I run my own server at home for my personal website running Ubuntu Server with Apache, Bind9 and Django. What logs would you suggest are best to keep track of on a regular basis? (rather than on a basis of reading when something goes wrong). I'm thinking for the detection of intrusion attempts (I've previously experienced SSH errors) and unusual traffic or errors on my site.
Logs of interest:
- /var/log/apache2/* - apache2 logs :)
- /var/log/auth.log - authentication attempts
- /var/log/daemon.log - system processes log here
- /var/log/syslog - everything logs here
I use the logwatch package for monitoring SMTP traffic and SSH logins, and authentication attempts. It is available from most Linux distributions, including Ubuntu by default.
aptitude install logwatch
In the past I have also used logsurfer+ which is a complicated piece of software, but highly configurable.
If neither of these tools (logwatch, logsurfer+) meets your needs, there's a large number of log management solutions from various vendors. From software packages to dedicated devices. Here's a few to get started if you want to do additional research. I am not affiliated with any of these companies or products.
I suggest using OSSEC to monitor your logs. It will auto-detect the important log files and monitor all of them in real time by default.
If you are using Ubuntu, it will look at all authentication logs, apache logs, apt-get logs (to see when new apps are installed), etc.
It is open source, has an active development team and is simple to use. We migrated to it from logwatch, because it looks at the logs in real time instead of doing that every X hours like log watch does.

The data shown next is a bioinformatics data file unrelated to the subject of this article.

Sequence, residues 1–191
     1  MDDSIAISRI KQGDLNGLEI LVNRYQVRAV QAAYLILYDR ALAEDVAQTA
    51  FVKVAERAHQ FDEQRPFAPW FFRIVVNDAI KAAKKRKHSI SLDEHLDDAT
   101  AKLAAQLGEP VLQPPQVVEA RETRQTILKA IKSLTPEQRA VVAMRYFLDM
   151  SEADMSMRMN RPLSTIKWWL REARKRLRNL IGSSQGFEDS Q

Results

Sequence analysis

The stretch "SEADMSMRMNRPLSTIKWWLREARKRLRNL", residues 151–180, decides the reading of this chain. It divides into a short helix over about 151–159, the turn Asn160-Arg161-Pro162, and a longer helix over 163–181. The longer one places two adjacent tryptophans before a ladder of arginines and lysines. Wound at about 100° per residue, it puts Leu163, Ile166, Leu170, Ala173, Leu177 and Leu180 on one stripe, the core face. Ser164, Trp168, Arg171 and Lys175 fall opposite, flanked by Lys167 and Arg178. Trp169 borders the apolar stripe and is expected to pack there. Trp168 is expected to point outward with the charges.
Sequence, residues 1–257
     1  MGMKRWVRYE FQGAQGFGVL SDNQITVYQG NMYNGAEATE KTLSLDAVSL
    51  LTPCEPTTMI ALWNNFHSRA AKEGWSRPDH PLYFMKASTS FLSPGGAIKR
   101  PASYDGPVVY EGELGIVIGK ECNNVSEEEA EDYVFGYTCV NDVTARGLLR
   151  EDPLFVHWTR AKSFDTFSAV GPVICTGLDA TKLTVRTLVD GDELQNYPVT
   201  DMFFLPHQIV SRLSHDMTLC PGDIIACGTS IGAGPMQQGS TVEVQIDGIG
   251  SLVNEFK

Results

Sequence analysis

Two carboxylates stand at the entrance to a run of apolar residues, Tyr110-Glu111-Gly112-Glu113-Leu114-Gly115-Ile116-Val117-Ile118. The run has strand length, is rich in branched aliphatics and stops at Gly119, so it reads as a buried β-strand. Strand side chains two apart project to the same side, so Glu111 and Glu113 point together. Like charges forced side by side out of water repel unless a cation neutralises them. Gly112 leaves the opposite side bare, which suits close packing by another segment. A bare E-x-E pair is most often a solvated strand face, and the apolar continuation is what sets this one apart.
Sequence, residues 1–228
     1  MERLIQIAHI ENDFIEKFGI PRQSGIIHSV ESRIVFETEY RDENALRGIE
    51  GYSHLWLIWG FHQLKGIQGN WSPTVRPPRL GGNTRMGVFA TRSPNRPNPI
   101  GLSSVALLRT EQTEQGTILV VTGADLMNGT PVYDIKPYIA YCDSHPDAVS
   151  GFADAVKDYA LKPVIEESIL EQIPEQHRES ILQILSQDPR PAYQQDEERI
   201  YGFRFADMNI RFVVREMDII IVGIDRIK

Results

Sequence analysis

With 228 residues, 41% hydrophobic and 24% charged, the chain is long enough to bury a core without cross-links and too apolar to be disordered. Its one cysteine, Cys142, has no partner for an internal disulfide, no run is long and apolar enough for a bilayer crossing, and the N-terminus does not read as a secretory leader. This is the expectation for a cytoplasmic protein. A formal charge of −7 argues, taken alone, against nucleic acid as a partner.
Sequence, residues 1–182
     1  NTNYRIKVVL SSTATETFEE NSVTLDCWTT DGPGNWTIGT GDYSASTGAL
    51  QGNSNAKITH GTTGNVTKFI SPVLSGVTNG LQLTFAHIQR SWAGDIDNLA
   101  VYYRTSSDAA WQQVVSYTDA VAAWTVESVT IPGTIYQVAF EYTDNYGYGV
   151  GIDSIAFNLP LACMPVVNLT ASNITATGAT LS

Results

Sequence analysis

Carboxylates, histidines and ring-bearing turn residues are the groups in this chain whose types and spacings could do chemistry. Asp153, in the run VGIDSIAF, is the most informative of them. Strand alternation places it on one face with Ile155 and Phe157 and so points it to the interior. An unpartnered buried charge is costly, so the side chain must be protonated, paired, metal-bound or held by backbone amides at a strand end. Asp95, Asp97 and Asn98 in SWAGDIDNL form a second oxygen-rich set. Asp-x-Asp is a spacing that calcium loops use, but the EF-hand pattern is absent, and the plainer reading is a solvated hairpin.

I generally watch the above files, but mostly the syslog files (/var/log/messages). I usually set up syslog-ng to provide some better filtering, and I set up syslog to log as *.debug so that I can see everything. This is all read by a shell script which has its roots in logcheck.sh (sorry, lost the link) and mails me interesting items daily. This has an increased amount of noise that is hard to filter out, but I use the noise level as a health check too -- if the noise level suddenly increases or decreases, something has changed.
I have one caveat about logwatch and that is "what" to look for. I wrote/use a tool called petit to perform word discovery and correlation. It uses a couple of simple techniques from Natural Language Processing to remove stopwords. This helps an admin/analyst who is responsible for log analysis to feel more confident that he/she is, indeed, catching all of the events that he/she wants to with logwatch.
It's a basic chicken/egg problem of how do I know what I need to search for until I've seen it before. The word discovery mode of petit helps with this. Also it provides cli graphing and hashing.